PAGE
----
We welcomed our first house guests over the weekend. My friend Abigail and her family came to stay the night and the weather behaved perfectly so that we could take them to our new favourite places. On Saturday afternoon we walked on Hayling Island beach. It was cool and quite breezy but the light was so bright and crystal clear it made your eyes hurt. I forgot my big camera but the one on my new phone is a lot better than my old one, so I could snap away quite happily.

I love the way my two fit in with Abigail's children, just getting along and playing, sharing baths, making up games.  I think there was some kind of dolly breakfast in bed scenario going on here.

On Sunday we visited a place I will definitely devote a blog post too sometime, a tiny and ancient church set in the most stunning South Downs countryside.

I'm pretty sure that old cars parked outside old pubs must be photographed. Like good sunsets and interesting clouds, it's in the blogging handbook.

I love my new local area so much, the mixture of coast and countryside just ten minutes from our house. Love it. 

Even the Sunday afternoon homework couldn't dampen the holiday feel.

I fear there may be many more balcony sunset views this summer. Sorry.

This morning, after the school run, John and I had brioche and coffee for breakfast and chatted about this and that. You see, I'm still on holiday time! I'm even drinking a beer from the bottle while I write this. 

I think it's time I came back down to earth.

Friday, 17 April 2015

A Crocheted Stool Cover

On one of my many (many, many) recent trips to IKEA I bought two Frosta stools. One for the dining room to be used as extra seating should we need it and the other for the porch, to go next to the shoe rack. Whenever my children put their shoes on, they like to sit on either the bottom step of the stairs or right in front of the front door while they battle with laces and straps. Both places are inconvenient for rushed morning exits from the house and I hoped that the stool might encourage a happier, less shouty, departure on school mornings.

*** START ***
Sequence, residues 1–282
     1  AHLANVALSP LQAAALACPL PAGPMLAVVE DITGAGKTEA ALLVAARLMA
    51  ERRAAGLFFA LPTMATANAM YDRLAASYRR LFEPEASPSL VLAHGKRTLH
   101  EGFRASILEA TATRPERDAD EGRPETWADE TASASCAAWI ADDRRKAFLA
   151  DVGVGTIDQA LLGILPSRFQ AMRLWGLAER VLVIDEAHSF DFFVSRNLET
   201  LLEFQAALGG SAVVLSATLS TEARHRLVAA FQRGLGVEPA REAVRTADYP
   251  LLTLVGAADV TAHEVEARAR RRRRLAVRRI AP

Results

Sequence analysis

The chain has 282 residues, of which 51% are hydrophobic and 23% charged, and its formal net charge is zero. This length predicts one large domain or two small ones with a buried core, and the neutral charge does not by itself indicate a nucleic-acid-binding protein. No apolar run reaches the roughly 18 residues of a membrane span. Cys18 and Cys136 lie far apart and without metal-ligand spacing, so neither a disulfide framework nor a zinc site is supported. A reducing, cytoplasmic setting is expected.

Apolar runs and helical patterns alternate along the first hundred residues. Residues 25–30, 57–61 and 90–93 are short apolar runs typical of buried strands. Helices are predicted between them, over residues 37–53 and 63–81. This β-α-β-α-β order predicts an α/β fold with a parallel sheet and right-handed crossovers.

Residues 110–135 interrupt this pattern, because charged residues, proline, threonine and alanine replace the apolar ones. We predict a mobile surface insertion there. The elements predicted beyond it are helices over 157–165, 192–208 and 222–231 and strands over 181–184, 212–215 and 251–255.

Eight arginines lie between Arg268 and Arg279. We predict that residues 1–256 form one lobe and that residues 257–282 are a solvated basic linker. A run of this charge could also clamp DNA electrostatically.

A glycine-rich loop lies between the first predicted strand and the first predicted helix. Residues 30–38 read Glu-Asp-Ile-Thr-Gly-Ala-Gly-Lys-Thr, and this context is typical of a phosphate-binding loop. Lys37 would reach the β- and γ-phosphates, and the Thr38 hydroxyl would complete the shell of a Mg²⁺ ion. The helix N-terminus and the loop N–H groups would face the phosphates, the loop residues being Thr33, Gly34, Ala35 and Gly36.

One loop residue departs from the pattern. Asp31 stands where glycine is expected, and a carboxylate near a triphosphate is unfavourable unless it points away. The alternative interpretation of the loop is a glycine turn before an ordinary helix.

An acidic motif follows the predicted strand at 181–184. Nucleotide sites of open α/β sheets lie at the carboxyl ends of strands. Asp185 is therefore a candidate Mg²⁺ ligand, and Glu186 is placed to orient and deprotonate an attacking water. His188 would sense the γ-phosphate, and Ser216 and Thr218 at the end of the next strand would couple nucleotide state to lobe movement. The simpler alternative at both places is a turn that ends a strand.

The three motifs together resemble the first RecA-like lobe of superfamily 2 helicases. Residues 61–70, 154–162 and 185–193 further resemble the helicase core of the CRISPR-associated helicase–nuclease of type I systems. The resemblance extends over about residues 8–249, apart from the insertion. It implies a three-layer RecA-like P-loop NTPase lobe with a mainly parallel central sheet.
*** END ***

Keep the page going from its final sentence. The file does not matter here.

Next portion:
I digress.

So, I had my stools (£8 each, a bargain) but thought them a bit dull and for a long time had fancied making some circular covers. I'd seen a pattern in my Granny Squares book and thought I'd have a go. The pattern is essentially a circle working out from the centre (very similar to a mandala I would imagine) with decreases so that it fits around the stool. If you were reasonably good at crochet you could probably turn any mandala into a stool cover by adding a few rows decreasing, then a few more straight rows to create "sides". 

I thought I'd share how I made mine as, while I liked the pattern on the circular stool top, I found the rest of the pattern (you know, like how to make it actually stay on the stool) a bit lacking in details.